Discovery of N-hydroxyguanidines as novel electron acceptors of xanthine oxidase: Potential new drugs for treatment of ischemia and reperfusion injury
1999 (English)Doctoral thesis, comprehensive summary (Other academic)
Xanthine oxidase (EC 220.127.116.11) is one of the major enzymatic sources of oxygen-derived free radicals. It is thought to cause a number of serious clinical disorders, including the reperfusion injury following a period of ischemia. The present study describes the discovery of a new possibility to inhibit superoxide radical formation by using N-hydroxyguanidine compounds, which act as alternative electron acceptors of xanthine oxidase.
Earlier it was observed that, in radioligand binding assays, the N-hydroxyguanidine compound guanoxabenz, bound to α2-adrenoceptors with two different apparent affinities in certain rat tissue membranes. We found that the formation of high affinity binding for guanoxabenz is dependent on the generation of a metabolite, guanabenz, which has a greater affinity for the α2-adrenoceptors than guanoxabenz itself. The guanoxabenz-reducing enzyme was purified from rat spleen cytosol. The activity could be inhibited by allopurinol, or sustained by NADH or xanthine as co-factors. Amino acid sequencing showed that the enzyme was identical with xanthine oxidase. However, in addition to xanthine oxidase other, as yet unidentified, guanoxabenz-reducing activity was found in rat brain membranes.
A series of N-hydroxyguanidines were synthesized and tested for xanthine oxidase electron acceptor activity. The greatest electron acceptor activity was seen in compounds where the guanidine fragment is conjugated with a benzene ring having π-donating substituents in paraposition. The electron density on the guanidine fragment leads to the increase in electron acceptor activity.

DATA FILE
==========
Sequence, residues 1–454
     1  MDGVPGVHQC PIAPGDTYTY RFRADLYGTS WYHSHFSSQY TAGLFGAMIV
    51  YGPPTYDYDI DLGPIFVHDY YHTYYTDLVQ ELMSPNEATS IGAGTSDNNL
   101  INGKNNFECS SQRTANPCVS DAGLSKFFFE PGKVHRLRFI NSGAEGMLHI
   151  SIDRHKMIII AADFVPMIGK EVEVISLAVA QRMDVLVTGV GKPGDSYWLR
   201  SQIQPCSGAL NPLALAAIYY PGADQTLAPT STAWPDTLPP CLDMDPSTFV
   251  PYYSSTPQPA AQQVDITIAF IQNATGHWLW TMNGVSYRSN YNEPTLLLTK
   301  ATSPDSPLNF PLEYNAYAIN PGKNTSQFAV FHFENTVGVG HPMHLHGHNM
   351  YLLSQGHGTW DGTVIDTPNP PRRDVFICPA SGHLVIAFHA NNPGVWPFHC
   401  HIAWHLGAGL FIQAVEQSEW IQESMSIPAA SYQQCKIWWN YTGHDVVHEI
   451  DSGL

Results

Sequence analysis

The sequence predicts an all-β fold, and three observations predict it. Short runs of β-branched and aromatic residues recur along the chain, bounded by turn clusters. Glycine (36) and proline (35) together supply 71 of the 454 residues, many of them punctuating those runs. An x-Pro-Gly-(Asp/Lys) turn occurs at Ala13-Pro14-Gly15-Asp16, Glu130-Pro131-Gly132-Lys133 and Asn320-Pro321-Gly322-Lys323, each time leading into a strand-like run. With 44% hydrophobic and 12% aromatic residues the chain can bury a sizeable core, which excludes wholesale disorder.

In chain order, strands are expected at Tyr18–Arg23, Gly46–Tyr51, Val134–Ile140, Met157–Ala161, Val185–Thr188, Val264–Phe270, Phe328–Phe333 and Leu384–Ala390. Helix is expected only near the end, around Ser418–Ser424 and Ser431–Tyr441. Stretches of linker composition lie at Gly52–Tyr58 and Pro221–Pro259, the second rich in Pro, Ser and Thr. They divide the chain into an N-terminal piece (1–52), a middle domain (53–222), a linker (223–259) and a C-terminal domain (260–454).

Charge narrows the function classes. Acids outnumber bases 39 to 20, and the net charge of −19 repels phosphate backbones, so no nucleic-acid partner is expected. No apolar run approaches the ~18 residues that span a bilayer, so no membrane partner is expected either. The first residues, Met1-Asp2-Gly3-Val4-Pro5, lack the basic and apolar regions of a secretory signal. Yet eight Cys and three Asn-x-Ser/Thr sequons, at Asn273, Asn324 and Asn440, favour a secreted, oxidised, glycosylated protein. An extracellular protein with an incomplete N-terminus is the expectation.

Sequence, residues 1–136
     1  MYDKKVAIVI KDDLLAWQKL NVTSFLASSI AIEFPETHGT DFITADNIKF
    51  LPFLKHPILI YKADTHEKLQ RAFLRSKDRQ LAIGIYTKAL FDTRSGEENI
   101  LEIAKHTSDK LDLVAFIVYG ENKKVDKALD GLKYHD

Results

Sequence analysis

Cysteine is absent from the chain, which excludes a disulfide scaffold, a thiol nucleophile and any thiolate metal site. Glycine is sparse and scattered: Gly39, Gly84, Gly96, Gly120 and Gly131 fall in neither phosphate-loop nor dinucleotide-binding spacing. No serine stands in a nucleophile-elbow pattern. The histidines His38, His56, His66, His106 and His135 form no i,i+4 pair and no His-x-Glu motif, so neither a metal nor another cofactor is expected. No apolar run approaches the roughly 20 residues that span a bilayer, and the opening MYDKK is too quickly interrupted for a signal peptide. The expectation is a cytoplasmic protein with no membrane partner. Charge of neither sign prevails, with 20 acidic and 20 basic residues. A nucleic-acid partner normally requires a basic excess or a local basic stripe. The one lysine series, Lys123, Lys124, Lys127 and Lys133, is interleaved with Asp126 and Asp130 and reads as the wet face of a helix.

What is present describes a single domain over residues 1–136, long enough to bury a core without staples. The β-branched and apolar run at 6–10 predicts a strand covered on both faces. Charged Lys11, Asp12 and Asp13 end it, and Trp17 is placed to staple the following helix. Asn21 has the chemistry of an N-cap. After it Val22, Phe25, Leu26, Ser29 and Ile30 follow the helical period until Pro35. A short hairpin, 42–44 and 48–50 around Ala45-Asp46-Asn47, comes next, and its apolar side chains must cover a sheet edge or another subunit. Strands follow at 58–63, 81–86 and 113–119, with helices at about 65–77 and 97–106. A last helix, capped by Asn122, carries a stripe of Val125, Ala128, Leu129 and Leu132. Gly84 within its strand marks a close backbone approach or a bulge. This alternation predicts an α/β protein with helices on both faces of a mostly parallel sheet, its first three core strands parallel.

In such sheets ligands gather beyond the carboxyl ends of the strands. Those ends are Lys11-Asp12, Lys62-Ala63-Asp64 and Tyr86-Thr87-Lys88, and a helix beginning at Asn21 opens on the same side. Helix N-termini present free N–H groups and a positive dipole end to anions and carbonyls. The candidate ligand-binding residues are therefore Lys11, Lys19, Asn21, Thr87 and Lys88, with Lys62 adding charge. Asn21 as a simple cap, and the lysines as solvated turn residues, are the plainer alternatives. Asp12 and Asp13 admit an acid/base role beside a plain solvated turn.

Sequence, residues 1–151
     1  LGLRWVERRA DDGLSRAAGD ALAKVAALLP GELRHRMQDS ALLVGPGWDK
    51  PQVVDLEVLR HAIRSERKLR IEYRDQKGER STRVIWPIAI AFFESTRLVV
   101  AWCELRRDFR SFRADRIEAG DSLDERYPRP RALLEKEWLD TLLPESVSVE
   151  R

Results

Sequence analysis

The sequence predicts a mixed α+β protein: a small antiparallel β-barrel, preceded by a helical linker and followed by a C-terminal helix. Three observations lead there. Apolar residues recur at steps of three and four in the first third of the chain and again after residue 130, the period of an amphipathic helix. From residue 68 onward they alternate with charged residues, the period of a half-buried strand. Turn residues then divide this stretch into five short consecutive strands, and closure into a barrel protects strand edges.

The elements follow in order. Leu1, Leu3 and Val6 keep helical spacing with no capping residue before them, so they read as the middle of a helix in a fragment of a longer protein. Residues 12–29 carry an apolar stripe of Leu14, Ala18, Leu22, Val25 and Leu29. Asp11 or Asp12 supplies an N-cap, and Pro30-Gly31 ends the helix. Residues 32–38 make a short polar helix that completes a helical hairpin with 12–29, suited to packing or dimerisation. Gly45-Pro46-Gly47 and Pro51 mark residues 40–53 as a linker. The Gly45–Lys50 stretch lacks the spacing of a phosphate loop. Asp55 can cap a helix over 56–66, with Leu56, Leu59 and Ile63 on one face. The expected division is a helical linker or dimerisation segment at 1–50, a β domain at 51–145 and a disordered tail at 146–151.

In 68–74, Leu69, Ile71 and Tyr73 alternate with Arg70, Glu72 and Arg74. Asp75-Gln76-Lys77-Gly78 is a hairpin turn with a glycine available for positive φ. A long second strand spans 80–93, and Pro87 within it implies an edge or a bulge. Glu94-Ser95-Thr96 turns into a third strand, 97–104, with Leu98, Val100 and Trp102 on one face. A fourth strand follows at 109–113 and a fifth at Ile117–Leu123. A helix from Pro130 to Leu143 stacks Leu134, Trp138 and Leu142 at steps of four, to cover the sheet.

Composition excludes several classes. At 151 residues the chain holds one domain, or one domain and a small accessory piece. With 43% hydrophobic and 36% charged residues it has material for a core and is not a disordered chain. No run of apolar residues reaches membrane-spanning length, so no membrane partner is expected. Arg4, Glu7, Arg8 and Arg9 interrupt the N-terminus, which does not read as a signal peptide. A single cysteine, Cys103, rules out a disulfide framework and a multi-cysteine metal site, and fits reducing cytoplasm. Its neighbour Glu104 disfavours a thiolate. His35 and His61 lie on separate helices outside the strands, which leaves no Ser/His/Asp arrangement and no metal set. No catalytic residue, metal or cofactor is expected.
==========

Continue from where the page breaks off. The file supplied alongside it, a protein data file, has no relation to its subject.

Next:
Mechanistic studies have indicated that N-hydroxyguanidine derivative PR5 binds to xanthine oxidase and becomes reduced at the molybdenum centre of the enzyme. PR5 was also found to be both an electron acceptor and an inhibitor of xanthine oxidase, both effects attenuating superoxide formation.
In an in vivo rat myocardial infarction model, the N-hydroxyguanidine derivative PR5 was shown to provide remarkable protection against ischemia and reperfusion-induced myocardial necrosis and life-threatening arrhythmia.
Place, publisher, year, edition, pages
Uppsala: Acta Universitatis Upsaliensis , 1999. , 51 p.
Comprehensive Summaries of Uppsala Dissertations from the Faculty of Pharmacy, ISSN 0282-7484 ; 217
Pharmaceutical biosciences, xanthine oxidase, N-hydroxyguanidine derivatives, ischemia and reperfusion, reduction, inhibition, superoxide
Research subject Pharmaceutics
IdentifiersURN: urn:nbn:se:uu:diva-384ISBN: 91-554-4575-6OAI: oai:DiVA.org:uu-384DiVA: diva2:163779
1999-11-19, lecture hall B41, Biomedical Center, Uppsala, Uppsala, 09:15